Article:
Not likely but if it became reality it would be great day for the people of London:
KEN Livingstone, the mayor of London, could be forced out of office for allegedly anti-Semitic remarks he made to a Jewish reporter earlier this year.
It was revealed last night that the Standards Board for England, a watchdog overseeing elected councillors and the Greater London Authority (GLA), has decided that Mr Livingstone should face a public disciplinary hearing and punishment for failing to “respect” the journalist.
Among the punishments available is a ban from all forms of public office for up to five years – which would force the mayor to resign his job.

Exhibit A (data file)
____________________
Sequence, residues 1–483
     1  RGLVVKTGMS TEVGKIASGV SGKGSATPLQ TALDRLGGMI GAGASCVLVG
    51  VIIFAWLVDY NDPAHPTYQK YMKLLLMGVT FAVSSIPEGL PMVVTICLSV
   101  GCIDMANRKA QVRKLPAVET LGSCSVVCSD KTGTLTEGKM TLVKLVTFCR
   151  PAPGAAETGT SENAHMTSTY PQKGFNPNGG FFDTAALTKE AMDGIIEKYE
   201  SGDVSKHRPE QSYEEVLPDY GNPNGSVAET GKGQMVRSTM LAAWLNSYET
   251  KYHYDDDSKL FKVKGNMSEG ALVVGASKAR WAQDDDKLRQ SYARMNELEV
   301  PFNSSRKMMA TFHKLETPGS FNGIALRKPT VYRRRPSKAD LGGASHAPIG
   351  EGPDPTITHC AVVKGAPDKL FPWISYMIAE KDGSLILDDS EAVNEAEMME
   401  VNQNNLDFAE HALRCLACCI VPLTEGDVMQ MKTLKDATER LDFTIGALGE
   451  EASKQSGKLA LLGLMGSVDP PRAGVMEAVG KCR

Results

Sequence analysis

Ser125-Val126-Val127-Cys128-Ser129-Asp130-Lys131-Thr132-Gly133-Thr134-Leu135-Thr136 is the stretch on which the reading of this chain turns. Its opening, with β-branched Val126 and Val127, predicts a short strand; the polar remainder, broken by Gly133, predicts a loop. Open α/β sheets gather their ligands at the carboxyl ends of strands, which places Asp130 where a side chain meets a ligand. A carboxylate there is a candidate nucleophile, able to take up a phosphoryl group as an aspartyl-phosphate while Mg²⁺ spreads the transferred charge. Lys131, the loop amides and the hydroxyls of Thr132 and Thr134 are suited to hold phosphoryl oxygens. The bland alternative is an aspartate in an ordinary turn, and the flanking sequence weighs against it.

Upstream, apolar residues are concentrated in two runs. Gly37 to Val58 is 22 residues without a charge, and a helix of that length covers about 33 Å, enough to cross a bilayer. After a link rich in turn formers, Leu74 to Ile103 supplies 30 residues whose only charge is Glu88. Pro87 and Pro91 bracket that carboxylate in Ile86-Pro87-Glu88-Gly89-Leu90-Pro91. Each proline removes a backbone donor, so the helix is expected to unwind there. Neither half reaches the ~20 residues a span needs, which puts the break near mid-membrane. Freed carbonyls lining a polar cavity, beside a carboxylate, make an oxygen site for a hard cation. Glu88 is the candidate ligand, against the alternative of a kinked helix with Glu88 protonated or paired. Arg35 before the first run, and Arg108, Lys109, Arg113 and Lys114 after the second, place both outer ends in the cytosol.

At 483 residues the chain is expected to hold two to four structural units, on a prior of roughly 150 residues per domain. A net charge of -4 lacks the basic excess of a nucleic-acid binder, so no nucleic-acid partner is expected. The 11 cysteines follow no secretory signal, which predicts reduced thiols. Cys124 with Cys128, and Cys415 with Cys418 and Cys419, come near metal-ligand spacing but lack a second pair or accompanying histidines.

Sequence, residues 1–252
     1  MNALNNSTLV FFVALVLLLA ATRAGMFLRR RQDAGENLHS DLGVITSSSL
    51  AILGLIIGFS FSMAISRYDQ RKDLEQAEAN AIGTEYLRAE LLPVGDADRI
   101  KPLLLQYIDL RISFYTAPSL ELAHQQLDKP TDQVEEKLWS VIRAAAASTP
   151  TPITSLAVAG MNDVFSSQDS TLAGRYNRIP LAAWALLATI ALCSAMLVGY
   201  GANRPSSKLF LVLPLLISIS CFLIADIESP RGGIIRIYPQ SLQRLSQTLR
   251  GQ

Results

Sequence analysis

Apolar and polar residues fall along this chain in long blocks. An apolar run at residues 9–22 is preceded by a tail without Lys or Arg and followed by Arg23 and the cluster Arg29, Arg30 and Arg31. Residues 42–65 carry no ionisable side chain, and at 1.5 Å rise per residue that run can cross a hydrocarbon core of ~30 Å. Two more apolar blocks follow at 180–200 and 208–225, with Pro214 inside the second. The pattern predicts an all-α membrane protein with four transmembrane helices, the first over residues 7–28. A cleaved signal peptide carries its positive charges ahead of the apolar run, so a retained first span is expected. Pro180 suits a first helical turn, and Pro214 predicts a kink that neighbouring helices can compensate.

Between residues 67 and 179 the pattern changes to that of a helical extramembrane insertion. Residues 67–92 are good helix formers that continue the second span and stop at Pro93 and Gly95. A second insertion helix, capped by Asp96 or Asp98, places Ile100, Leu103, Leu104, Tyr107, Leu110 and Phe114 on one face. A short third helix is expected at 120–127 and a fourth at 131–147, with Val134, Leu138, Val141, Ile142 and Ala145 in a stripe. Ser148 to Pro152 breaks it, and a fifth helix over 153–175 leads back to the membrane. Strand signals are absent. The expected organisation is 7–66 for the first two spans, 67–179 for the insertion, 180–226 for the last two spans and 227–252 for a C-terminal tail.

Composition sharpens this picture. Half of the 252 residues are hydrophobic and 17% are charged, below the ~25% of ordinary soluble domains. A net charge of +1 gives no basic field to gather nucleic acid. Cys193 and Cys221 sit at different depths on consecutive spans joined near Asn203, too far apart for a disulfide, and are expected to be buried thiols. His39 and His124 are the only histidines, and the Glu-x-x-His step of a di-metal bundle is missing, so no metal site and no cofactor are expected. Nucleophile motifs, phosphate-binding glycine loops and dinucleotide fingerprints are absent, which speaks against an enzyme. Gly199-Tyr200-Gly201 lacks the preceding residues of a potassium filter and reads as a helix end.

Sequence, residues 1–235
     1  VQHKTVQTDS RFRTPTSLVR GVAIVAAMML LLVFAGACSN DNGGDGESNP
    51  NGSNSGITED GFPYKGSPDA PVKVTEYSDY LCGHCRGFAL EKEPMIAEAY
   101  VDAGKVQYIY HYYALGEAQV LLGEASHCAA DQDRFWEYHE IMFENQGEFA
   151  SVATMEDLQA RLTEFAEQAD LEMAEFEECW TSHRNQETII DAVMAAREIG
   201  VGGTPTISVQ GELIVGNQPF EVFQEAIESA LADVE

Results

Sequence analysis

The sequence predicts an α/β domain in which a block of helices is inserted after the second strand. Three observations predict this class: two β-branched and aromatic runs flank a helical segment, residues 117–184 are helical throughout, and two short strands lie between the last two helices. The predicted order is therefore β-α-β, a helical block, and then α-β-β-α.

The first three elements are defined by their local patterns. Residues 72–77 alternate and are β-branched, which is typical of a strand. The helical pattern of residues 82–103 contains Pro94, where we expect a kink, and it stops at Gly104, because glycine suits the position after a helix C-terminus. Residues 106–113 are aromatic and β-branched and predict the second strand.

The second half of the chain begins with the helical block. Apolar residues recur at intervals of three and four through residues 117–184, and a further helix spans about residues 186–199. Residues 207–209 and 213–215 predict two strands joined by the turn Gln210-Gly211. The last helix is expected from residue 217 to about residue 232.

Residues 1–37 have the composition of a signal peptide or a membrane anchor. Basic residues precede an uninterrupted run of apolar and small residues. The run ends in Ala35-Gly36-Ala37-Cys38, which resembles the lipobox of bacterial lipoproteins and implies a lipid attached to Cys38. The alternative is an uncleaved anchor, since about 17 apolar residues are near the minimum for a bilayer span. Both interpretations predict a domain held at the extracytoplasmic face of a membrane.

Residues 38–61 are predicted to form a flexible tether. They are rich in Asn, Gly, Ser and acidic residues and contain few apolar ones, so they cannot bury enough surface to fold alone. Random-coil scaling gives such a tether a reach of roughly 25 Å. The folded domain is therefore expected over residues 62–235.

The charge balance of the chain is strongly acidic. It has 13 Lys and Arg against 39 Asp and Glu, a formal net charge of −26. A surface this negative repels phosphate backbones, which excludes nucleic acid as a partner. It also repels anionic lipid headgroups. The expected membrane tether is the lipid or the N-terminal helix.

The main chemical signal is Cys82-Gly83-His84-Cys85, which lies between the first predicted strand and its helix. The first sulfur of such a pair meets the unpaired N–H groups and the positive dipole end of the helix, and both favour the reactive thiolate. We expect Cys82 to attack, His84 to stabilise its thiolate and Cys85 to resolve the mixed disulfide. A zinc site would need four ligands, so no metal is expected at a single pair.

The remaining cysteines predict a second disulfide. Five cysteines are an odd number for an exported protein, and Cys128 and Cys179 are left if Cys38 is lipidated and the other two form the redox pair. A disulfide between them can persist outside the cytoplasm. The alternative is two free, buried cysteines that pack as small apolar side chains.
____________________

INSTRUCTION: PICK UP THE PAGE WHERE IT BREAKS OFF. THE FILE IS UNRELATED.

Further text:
Less dramatic – but more likely – options include a suspension from office and training to address the behaviour that gave rise to the complaint.
In Mr Livingstone’s case, that behaviour was a row with a reporter from London’s Evening Standard in February.
The reporter, Oliver Finegold, had tried to question Mr Livingstone after an evening reception.
In the exchange, which was recorded by Mr Finegold, the mayor likened the reporter to a “German war criminal”.
When Mr Finegold responded that, being Jewish, he found the remark offensive, Mr Livingstone compared the reporter to a guard at a Nazi concentration camp.
Mr Livingstone has steadfastly refused to apologise, claiming he was justified by what he called more than two decades of “hatred” from Associated Newspapers, the owners of the Standard and the Daily Mail.
Mr Livingstone, serving in his second term as mayor, said: “The Standards Board has rejected the allegation that I failed to comply with the GLA’s code of conduct in relation to this exchange. The tribunal will now consider the issue of whether I treated a journalist with respect.”